Michael Cembalest: We'll see. There are lots of cyber, anticyber, and anti-anticyber activities going on, on all sides right now. I would watch the electricity grids in Western Europe for potential cyber activity. And, you know, I don't think -- I think when you look at Stuxnet and the other things that have taken place, you don't generally find out about them until 18 to 24 months later. So it's very hard for me to make an assessment of some of the cyber war that's taking place in real time.
Let me show one more slide, in case I haven't, you know, gone too far already. I'm only doing this because of how many questions I get everywhere I go. One day we may be discussing Taiwan, and in the same way that we're revisiting the history and the wisdom of NATO's embrace of the Ukraine without the intention of protecting it during that process, we may one day be reevaluating the wisdom of allowing China and accepting China into the World Trade Organization in the early 2000s. Here you see a chart on the Chinese incursions on Taiwanese air space. But that, Monica, is a discussion for another day.
Monica DiCenso: Would you say, is that our topic for next year? I hope not, in 12 months, that we're sitting here –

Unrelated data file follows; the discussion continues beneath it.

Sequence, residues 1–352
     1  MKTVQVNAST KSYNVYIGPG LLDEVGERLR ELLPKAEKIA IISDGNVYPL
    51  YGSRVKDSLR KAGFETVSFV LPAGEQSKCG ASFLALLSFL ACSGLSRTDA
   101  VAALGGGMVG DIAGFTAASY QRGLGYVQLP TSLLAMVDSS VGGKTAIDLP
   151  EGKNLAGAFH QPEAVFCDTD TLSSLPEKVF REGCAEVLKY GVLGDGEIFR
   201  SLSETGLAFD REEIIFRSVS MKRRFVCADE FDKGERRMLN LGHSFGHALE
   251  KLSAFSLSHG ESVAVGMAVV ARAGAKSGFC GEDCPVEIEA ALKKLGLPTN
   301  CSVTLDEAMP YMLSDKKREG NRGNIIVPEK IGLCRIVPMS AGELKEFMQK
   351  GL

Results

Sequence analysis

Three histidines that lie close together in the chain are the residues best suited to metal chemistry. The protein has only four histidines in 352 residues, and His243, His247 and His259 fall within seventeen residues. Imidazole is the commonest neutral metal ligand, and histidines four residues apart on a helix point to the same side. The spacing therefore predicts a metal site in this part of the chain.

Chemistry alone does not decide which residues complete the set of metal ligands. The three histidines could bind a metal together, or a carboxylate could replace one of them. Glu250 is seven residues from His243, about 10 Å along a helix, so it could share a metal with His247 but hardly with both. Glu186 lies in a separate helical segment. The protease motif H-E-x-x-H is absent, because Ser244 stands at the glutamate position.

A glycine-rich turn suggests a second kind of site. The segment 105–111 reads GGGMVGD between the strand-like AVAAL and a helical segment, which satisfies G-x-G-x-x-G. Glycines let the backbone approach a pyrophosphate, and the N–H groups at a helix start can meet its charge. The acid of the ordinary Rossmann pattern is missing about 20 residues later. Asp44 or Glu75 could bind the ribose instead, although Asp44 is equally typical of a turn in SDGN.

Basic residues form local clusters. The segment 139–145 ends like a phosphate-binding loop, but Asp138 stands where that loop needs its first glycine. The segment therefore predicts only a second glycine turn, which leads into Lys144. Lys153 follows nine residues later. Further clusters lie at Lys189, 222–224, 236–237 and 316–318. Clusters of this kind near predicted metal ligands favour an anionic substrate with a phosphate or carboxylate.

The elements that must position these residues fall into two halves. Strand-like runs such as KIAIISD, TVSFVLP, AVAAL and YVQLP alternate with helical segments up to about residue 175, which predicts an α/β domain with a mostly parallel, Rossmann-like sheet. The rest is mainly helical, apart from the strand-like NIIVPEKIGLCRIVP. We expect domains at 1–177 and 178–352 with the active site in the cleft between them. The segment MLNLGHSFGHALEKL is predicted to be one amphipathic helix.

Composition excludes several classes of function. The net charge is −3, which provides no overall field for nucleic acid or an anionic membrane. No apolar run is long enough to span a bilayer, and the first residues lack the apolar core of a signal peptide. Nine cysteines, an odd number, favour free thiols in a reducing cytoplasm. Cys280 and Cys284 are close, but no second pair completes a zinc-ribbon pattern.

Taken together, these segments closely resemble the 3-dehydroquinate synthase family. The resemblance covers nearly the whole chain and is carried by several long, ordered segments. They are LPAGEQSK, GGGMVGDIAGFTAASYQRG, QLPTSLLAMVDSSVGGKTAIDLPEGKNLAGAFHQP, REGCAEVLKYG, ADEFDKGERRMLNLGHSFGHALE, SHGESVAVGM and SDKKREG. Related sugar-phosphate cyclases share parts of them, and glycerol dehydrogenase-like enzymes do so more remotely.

Michael Cembalest: I hope not as well. I want to echo—I want to close the call by echoing what Kathryn said in the very beginning, which, is, you know, God help the Ukraine. So thank you all very much for -- or God help Ukraine. I've been asked not to use the "the." I apologize for that, and I promise I will not do it again. The word "the" implies that it's simply an autonomous region of another country rather than it's own country. So god bless Ukraine. Thank you all for dialing into this call, and I look forward to talking to you again soon.
Monica DiCenso: Thank you. Kathryn, throw it back to you.
Great. Thanks, Monica and Michael, for your insights today, and thank you for joining us. If you have any questions regarding what was discussed, feel free to reach out to your J.P. Morgan representative. That now concludes our webcast. Have a good day, everyone.
Thank you for joining us. Prior to making financial investment decisions, you should speak with a qualified professional and your J.P. Morgan team. This concludes our webcast. You may now disconnect.
Economy & Markets
The Maltese Falcoin
On cryptocurrencies and the blockchain